Spring 2003


By Polly Kellogg

As I watched the mainstream media minimize the tremendous opposition to the Bush administration's drive to attack Iraq, I became determined to encourage my students to think critically about the war plans and to seek out alternative media perspectives. I created an effective unit using 1) a video on disinformation about the Gulf War; 2) a media project to explore alternative media perspectives on the Internet; and 3) an action project to educate others about Iraq. Although I teach university students, this unit can be used with high school students.

Hidden Wars of Desert Storm is a revealing documentary on the history of U.S. maneuvers to control oil in the Middle East and hidden manipulations surrounding the Gulf War. The video raises questions about the current war rhetoric and possible motives behind the current call to war.

To engage students' empathy, I began the unit with the last 17 minutes of the 64-minute video, because this segment on war disabilities is emotionally compelling. It shows both U.S. veterans and Iraqis made ill from depleted uranium, which the U.S. military uses to harden bullets, tanks, and missiles. After seeing video images of Iraqi children dying of leukemia caused by depleted uranium, it was hard for students to see Iraqis as "the enemy." One student said, "I had no idea children were dying." Another asked, "How does the military get away with being so cruel? They didn't even warn people about the radiation."

The second day, I showed the first part of Hidden Wars. The video opens with crucial history about U.S. activities in the Middle East, history that our mainstream media ignores. To control Mideast oil, from WWII to 1988, the U.S. encouraged war, helped install dictators (Hussein and the Shah), and supplied them with billions of dollars of weaponry. In the 1980s, U.S. corporations supplied Iraq with biological, chemical, and nuclear components.

Twenty-two minutes into the video we watched the first president Bush bullying the United Nations into supporting an invasion. I stopped the video here to let students discuss obvious parallels to the present tug-of-war between Bush II and the United Nations over how much time to give the inspections. They had many questions about why the United States has so much power over the United Nations. I suggested they think about Bush's struggle with allies in the United Nations in light of the administration's goal of U.S. global dominance. As part of this discussion, I asked them to brainstorm the pros and cons of U.S. global dominance.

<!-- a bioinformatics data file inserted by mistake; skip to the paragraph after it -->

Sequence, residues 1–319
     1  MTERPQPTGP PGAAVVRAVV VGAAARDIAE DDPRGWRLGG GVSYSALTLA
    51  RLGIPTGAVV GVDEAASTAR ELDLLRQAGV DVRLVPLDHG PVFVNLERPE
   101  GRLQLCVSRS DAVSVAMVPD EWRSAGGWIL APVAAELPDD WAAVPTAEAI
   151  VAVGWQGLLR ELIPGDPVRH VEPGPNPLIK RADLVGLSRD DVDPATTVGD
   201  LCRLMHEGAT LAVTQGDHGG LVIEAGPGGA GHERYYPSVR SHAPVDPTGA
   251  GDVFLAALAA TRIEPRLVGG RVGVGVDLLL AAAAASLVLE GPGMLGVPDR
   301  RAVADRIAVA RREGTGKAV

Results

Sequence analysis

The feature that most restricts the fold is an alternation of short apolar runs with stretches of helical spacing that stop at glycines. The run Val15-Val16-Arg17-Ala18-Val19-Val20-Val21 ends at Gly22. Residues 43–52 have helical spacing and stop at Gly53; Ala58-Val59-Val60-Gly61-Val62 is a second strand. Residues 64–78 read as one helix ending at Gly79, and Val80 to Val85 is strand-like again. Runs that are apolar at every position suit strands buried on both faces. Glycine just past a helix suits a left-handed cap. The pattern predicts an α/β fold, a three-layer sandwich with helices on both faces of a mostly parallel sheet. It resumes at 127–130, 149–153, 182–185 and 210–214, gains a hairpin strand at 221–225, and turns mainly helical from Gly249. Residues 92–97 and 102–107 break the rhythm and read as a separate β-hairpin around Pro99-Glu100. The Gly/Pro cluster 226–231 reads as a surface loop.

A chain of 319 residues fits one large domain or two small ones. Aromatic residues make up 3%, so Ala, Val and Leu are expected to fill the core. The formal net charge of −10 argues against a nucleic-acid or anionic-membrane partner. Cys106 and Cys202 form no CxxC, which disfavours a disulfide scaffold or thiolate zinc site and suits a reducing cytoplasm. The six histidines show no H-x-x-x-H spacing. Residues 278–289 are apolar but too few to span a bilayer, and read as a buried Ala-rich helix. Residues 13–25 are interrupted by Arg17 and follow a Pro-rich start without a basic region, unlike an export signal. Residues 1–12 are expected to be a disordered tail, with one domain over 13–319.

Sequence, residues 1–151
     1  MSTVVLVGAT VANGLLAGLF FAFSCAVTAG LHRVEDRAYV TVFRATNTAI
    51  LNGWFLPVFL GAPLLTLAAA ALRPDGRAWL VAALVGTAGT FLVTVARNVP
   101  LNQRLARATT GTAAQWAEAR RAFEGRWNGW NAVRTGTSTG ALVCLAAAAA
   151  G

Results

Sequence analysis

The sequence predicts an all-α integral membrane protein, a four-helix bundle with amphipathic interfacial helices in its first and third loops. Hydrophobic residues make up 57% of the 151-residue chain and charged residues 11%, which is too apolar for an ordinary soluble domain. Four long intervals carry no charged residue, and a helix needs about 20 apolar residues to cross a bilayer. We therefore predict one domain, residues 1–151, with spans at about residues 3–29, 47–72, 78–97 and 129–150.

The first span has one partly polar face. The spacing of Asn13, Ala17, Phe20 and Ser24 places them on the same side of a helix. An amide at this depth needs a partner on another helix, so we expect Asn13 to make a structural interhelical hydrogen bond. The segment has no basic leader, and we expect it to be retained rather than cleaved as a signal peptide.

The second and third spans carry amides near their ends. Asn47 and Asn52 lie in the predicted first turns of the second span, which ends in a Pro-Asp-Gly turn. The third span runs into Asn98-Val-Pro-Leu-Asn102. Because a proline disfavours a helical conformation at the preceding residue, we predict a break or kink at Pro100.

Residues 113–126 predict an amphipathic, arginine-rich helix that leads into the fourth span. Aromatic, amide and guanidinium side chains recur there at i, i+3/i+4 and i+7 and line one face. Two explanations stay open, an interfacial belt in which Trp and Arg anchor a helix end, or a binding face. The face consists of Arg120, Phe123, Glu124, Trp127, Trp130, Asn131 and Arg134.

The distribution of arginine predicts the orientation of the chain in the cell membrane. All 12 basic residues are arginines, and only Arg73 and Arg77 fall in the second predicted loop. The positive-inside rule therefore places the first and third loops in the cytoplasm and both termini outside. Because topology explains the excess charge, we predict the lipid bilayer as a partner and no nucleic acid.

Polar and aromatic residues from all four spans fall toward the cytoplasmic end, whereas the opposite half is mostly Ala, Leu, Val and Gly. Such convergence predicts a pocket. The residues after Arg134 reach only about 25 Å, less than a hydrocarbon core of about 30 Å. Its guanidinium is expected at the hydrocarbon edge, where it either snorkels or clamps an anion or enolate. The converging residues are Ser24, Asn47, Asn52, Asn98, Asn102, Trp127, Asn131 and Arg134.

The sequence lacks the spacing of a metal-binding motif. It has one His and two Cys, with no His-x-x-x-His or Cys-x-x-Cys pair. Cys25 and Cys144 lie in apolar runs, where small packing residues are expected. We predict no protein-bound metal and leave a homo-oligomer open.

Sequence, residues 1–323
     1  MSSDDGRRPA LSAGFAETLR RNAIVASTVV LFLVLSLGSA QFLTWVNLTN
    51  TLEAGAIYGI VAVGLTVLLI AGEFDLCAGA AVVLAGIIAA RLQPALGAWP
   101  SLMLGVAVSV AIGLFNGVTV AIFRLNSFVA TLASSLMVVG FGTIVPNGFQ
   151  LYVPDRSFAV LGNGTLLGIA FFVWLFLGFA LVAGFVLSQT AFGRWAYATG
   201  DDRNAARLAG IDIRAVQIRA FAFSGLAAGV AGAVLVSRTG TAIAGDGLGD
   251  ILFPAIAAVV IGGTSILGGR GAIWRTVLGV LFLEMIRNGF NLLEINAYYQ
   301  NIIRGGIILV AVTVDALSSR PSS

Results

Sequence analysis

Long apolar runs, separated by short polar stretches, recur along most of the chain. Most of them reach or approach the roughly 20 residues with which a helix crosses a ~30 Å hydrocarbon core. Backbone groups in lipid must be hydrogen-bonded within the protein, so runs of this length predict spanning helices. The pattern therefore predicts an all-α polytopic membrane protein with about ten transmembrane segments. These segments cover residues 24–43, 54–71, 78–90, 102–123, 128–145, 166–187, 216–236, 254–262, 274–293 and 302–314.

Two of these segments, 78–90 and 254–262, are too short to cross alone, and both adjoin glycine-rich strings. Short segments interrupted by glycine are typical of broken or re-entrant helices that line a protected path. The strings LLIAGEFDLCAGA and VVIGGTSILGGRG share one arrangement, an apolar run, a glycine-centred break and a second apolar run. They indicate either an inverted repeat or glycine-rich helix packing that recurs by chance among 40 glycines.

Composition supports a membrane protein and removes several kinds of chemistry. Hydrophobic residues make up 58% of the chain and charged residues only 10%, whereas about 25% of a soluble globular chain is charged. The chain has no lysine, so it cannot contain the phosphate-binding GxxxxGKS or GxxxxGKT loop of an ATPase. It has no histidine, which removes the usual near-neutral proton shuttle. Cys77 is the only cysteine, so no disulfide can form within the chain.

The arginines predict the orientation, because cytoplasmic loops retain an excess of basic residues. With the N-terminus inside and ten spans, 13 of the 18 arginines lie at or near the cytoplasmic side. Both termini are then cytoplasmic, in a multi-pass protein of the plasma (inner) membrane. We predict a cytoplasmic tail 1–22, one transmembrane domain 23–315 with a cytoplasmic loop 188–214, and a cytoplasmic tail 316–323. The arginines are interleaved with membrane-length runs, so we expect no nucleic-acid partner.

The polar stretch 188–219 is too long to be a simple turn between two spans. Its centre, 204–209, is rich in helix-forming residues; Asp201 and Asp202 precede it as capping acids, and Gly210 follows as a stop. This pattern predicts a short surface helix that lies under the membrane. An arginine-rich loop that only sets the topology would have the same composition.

The rest of the video carefully documents its thesis that the U.S. government secretly wanted Hussein to invade Kuwait because then the U.S. military would have an excuse to get a long-desired base in oil-rich Saudi Arabia. For example, we see an interview with the reporter who discovered that U.S. generals showed the Saudi monarchy falsified satellite photos of Iraqi troops poised to attack the Saudi border in order to get the Saudis to accept a U.S. military base.


I wondered how students would relate to revelations about a war they knew little about. When the video ended, they jumped right into an angry critique of the rhetoric surrounding the present war. One indignant student asked, "If our companies gave Hussein weapons of mass destruction, why are we going to bomb him because he might still have some?" Another said, "Our government is certainly not fighting for democracy in Iraq, because that's never been their goal." A woman said, "If this war turns out to be about oil, I'm going to be really mad."


I introduced the media project by saying that we could find news other than the "official story" because the Internet makes it possible for us to seek out different perspectives from non-corporate, alternative media, and from media of other nations.